KU lays out plans for mostly normal fall semester; vaccination plans still unclear

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The University of Kansas this week told instructors it was moving into the looming fall semester with a more normal sense of operations in mind.

While recognizing that there will still be KU community members who need greater levels of accommodation due to the continuing COVID-19 pandemic, a message from four academic vice provosts said the university is planning to phase out most of the pandemic-specific course adaptations that have been in place for more than a year.

Most notably, course instructors will no longer be required to offer course adaptations for students seeking to learn online, the message says. KU’s goal, the message said, is to move to a process where students can work directly with their home academic unit if they need such accommodations.

More pandemic-friendly accommodations will likely continue to be available for KU’s international students who may struggle more traveling to campus than domestic students, the message said.

Such a shift in operation status, though, seemed to irk a university advocacy group called OneKU, which comprises some 100 faculty members ranging from lecturers to department chairs. In a statement to The Lawrence Times, the group said the decision was the latest in a string of moves from upper administration that didn’t consult with those actually teaching classes before making a change.

The chief concern, OneKU said, is moving into a more normal in-person course load while KU doesn’t appear keen to require its community members to receive COVID-19 vaccines prior to the fall semester — as it has done the past two semesters with testing for the respiratory virus.

“Important issues regarding COVID and safety on the KU campus during the fall semester have provoked little consultation by upper administration with faculty and staff.  OneKU urges the full discussion of these important issues,” the group said. “Hundreds of universities and colleges, including entire state university systems in California, Maryland, New Jersey, and New York, are requiring students to be vaccinated once FDA approvals of the vaccines are finalized.”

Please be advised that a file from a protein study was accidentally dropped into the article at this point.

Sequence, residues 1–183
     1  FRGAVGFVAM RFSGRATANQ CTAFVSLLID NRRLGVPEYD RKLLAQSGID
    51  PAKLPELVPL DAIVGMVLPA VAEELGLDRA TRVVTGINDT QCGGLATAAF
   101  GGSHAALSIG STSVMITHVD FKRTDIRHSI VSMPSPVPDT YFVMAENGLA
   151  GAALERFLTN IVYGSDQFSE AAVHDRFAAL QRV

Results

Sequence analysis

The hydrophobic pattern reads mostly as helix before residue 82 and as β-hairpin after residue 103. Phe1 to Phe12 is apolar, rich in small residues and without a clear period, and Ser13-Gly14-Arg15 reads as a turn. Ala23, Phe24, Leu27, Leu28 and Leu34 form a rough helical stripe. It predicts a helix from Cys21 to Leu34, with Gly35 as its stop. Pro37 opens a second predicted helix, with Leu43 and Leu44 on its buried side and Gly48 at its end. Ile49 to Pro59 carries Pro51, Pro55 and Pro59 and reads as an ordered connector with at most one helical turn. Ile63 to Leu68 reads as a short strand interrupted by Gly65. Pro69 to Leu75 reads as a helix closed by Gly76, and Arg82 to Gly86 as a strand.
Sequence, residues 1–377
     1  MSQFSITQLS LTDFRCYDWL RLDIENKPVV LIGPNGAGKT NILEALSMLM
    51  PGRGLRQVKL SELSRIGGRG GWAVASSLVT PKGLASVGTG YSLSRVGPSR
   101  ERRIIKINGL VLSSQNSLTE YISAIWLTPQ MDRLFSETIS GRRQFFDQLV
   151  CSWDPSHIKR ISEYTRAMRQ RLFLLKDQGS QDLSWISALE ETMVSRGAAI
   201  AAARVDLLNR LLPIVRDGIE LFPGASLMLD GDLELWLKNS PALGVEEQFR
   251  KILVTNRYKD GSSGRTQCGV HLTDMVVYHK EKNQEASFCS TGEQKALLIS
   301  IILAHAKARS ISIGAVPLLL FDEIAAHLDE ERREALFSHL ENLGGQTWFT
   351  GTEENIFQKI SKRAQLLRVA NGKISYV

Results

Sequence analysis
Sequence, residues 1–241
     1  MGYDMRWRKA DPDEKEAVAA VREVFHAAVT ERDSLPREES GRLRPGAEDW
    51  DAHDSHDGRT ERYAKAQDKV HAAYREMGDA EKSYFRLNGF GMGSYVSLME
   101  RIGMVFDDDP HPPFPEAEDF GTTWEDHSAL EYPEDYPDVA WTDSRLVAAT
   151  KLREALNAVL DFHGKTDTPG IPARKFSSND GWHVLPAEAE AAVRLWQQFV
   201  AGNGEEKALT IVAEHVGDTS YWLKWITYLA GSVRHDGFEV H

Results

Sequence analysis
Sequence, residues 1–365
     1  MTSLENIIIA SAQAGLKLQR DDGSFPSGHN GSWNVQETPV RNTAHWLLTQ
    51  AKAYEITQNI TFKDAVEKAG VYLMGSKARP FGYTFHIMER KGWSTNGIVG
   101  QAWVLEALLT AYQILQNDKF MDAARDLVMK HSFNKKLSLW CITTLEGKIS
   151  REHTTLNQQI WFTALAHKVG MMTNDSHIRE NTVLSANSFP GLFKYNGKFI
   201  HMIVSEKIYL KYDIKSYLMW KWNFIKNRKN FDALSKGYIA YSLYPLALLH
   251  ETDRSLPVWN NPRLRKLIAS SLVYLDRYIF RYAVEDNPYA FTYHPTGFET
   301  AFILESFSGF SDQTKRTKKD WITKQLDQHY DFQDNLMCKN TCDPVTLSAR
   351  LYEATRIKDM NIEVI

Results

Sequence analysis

“We call on KU to join them.”

As the Times reported in early April, KU Chancellor Douglas Girod told members of KU’s University Governance that if he had to guess at that time, vaccines wouldn’t be required for the fall semester. Doing so, he said, would be tricky from a legal perspective since the three vaccines available in the United States didn’t yet have a full approval from the Food and Drug Administration.

Though it’s true that the three vaccines currently on the marketplace — Pfizer-BioNTech, Moderna, and Johnson & Johnson — don’t have a full approval from the FDA, they are approved for use via an Emergency Use Authorization. An EUA is the same status given to the COVID-19 tests KU uses for its community.

“I think by this summer we’re going to be a different place than where we are right now,” Girod said in April. “But if I had to make a call right now, I would say probably not.”

A KU spokesperson did not answer a request for comment from the Times, sent Thursday, on whether anything had changed regarding its vaccination plans since Girod’s April 9 statement, or whether it had a response to OneKU’s call for requiring vaccines for the campus community.

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